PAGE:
We're going through each and every Medicare supplement plan to really break down the differences. We've looked at the A, B, and C plan already and now it's time to turn our attention to the D Medigap plan. The D plan is not terribly popular as a Medicare supplement goes but it's still important get all the facts in order to make a good decision so let's dig in.
The D Medicare supplemental plan is wedge right between two very popular Medigap plans, the C and F plan which make up a large percentage of all supplement plans sold. Many carriers do not even offer the D plan as they see the cost of maintaining a plan with so few subscribers to be both costly and potentially risky if a percentage of that smaller pool of subscriber have significant health issues. None the less, it is offered by some carriers so how is it different than the C and F plan which sit aside it? We'll go through each traditional Medicare benefit category but the D plan is very similar to the C plan. In fact, the only difference is the fact that it doesn't pay for the Part B deductible which we'll go into with more detail. As for the F plan, the D plan does not cover the Part B deductible (as mentioned) and the Part B Excess charges while the F covers both (and all main categories). Now let's break down each category for the D Medicare supplemental plan.
Where the D plan really lacks coverage in on the Physician side or what's commonly know as Part B with Medicare. It covers the Part A or hospital deductible and co-insurance which is important since this is where the big bills are. It also covers the Part B physician co-insurance that Medicare does not pick up which is also important. The main gaps in Medicare that Part D doesn't cover is the Part B deductible and Part Excess charges. The deductible itself is not terribly important since it generally runs over $100 annually but the lack of coverage for the Excess charges is potentially an issue. Excess deals with the extra allowed amount that physicians can charge above and beyond what Medicare allows. The D Medicare supplemental plan does not cover this. The problem is that there is no cap on this amount which is potentially up to 15% of the physicians charges. Uncapped exposure to costs is practically the opposite of what insurance is designed for and we highly recommend against it. We're less concerned with the Part B deductible since we can quickly calculate the difference in cost over a year's time between a plan covers it and one that doesn't.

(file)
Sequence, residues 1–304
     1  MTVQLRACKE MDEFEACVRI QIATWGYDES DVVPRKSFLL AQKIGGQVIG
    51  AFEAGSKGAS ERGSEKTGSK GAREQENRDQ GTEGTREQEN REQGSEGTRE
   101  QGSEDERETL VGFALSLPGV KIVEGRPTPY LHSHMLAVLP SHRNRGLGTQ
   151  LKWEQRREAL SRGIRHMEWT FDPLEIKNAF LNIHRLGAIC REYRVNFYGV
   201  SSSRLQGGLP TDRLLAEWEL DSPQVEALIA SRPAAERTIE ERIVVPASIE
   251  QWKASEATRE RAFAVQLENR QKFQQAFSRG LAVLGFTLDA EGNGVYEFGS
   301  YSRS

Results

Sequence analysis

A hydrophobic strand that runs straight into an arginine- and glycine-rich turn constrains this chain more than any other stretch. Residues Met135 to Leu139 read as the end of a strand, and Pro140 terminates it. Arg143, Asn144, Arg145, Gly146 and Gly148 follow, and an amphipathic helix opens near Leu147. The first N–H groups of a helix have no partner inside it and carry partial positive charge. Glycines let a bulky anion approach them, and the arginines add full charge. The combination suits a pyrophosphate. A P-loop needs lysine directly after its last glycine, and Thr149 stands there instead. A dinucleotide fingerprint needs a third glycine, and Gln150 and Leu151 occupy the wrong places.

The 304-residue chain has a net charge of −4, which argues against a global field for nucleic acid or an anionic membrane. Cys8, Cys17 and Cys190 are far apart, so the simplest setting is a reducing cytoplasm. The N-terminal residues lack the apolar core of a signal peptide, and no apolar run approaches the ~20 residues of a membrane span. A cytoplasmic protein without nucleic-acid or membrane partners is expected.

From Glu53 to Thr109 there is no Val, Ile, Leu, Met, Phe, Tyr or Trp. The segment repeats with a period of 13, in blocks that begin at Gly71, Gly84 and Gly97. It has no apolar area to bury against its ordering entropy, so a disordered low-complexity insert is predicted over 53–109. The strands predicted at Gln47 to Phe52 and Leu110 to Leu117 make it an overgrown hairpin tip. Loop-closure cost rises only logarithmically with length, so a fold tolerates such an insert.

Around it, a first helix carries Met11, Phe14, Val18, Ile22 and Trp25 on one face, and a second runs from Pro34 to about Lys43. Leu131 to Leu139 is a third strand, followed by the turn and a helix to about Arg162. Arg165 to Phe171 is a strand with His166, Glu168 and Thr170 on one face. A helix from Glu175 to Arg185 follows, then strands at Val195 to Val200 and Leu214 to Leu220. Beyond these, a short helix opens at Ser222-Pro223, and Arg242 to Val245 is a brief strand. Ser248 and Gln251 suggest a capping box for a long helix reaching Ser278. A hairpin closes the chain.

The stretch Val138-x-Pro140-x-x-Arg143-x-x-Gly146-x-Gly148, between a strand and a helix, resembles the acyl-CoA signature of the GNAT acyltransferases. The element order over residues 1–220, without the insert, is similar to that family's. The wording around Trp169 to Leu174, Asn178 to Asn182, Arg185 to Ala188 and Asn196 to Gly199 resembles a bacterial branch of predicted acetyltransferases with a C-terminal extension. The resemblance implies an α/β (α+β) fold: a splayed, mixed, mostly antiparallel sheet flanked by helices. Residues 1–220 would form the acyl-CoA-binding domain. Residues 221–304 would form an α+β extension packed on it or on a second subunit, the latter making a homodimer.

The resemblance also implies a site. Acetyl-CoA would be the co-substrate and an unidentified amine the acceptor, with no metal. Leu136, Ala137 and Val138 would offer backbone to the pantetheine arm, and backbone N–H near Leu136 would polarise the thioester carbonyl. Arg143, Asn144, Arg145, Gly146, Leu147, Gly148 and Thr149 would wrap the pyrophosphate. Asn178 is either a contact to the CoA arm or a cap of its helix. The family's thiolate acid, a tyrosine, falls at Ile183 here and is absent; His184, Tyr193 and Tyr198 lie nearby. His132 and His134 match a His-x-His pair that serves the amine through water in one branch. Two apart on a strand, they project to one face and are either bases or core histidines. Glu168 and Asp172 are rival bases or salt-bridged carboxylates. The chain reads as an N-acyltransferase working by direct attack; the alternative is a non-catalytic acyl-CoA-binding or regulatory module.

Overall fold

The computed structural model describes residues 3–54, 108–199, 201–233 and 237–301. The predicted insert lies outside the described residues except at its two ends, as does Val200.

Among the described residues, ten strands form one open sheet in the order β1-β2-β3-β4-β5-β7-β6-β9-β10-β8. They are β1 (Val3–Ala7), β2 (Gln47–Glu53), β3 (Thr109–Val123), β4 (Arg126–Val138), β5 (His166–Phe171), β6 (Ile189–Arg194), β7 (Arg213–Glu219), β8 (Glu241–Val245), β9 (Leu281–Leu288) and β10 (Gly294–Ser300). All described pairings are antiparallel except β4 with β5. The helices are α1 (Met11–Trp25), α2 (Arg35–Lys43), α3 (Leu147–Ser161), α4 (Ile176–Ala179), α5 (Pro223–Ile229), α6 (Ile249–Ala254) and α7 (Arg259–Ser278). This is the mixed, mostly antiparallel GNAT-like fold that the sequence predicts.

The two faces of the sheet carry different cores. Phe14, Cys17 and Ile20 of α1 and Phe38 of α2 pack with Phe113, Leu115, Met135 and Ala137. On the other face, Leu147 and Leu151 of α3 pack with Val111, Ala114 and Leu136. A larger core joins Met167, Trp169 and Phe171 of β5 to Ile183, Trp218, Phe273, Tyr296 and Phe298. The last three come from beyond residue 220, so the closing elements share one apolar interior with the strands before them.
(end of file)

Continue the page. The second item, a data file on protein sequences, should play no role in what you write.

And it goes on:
The D plan covers all the other major gaps in traditional Medicare (hence the name, Medigap). These include Hospice care, Emergency foreign travel, first 3 pints of blood, Skilled Nursing, and Preventative co-insurance. Of course, the Part A deductible and co-insurance are covered which is where there are potentially $1000's if not 10's of $1,000's in cost these days. So how does the D Medicare supplemental plan compare with the other options if it's available?
Generally, the the price is so close to the C plan (which covers the Part B deductible) that it doesn't make sense to go with the D plan. Also, the cost for the next plan up, the F plan is small enough to warrant getting not only the Part B deductible but the more important Part B Excess benefit. Perhaps, this is why the D plan is not popular and not often offered by carriers.